To the new mayor—who won a special election in June 1977 to finish out Daley’s sixth four-year term, ending April 1979—falls the task of steering the city through times of extraordinary difficulty. Charges of public corruption—nothing new in the politics of Chicago—have been rocking the city in recent months. Daley’s charismatic power to hold together the city’s delicately balanced coalition of interests was not something that could be automatically passed on to a political heir.
And even more basic problems loom: Whites continue migrating in alarming numbers to the suburbs, where more than half the metropolitan area’s 7,000,000 residents now live in http://www.apartmentsapart.com/europe/ireland/dublin rentals. Those left behind are increasingly on welfare rolls (one family in five, compared to one in eight in New York City).
Industries, too, are departing Chicago for more profitable areas, further eroding the city’s tax base. Racial tension troubles a school system that grapples with desegregation. Crime, both the organized and street varieties, remains a formidable problem.
“It’s not as if Mayor Bilandic, or Mayor Daley before him, could simply snap his fingers and solve these problems,” points out urbanologist Pierre de Vise of the University of Illinois’s Chicago Circle campus.
“The simple fact is, the suburbs have the space for the kind of sprawling one-story industrial plants that modern industry requires; the city doesn’t. The sun belt in the Deep South has the lower wage structure that industries prefer. Plus they don’t have the kind of congestion you have to contend with in Chicago.
“To be sure, Chicago remains the City That Works—if you’re referring to the fact that the city government has not been going deeply into the red like New York. But that’s partly because of the great service of the http://www.apartmentsapart.com/europe/uk/edinburgh.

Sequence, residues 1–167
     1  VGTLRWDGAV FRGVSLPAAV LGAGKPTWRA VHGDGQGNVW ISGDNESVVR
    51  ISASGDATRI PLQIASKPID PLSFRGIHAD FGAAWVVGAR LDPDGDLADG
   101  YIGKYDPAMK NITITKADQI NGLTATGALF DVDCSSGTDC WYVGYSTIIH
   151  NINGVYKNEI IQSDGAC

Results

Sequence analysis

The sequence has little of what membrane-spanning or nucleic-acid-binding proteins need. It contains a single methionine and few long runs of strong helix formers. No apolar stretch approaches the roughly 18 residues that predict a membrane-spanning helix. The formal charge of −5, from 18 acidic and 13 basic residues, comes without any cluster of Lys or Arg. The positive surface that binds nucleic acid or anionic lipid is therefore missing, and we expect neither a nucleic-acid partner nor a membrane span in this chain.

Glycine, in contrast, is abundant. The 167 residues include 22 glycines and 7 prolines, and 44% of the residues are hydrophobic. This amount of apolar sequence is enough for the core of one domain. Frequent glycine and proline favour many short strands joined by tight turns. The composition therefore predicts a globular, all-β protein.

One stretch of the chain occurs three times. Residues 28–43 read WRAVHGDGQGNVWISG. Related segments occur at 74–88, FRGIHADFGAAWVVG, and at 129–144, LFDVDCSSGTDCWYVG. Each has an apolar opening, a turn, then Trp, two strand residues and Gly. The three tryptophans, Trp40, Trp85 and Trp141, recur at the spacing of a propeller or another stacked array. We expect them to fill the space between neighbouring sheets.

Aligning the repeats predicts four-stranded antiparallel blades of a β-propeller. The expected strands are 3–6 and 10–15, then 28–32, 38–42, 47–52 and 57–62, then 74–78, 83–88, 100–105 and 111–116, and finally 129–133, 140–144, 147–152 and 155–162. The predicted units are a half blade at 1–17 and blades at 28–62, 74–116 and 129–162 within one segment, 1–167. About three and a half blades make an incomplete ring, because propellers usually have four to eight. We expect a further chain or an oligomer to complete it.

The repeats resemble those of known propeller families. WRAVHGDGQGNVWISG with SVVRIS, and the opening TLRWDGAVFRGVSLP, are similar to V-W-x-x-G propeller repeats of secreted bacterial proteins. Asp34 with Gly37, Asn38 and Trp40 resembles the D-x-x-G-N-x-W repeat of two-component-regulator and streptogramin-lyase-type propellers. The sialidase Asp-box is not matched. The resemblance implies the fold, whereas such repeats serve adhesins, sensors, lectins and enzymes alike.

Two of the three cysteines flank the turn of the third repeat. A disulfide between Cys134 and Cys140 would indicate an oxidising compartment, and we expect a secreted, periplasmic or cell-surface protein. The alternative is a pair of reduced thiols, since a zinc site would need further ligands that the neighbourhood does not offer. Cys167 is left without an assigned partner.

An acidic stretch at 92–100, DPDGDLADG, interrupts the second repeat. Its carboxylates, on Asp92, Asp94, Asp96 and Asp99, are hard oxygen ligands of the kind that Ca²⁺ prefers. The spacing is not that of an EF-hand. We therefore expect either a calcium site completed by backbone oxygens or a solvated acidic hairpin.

_ “The city government proper accounts for only a third of all municipal expenditures. The other two-thirds are accounted for by other tax agencies for schools, the transit system, parks, and so on. It’s true that the city government proper has managed to stay in the black, but some of the other agencies have operated in bright red.
“What’s more, Chicago doesn’t have to pay directly for its own welfare costs—that’s shared by the state and federal governments. In New York, the city itself pays directly for 25 percent of welfare costs. So, you see, it’s as much a matter of complex bookkeeping as of efficient administration that helps make Chicago ‘work.’
“We’re dealing here with problems that transcend the ability of any one mayor or political party to overcome, problems faced by every big city in the country. No slogan can change that.”
Mike Royko’s Pulitzer Prize-winning column in the Chicago Daily News for years has alternated between delightful whimsy and hard-punching political articles, body blows to the local political establishment. Mike, a Daily News ad once said, “comforts the afflicted and afflicts the comfortable rentals of the http://www.apartmentsapart.com/north_america/usa/hawaii.”
“The Machine,” he explained to me, “has survived in Chicago in good part because of the city’s ethnic base. Find an ethnic group and you find a handle for delivering the vote.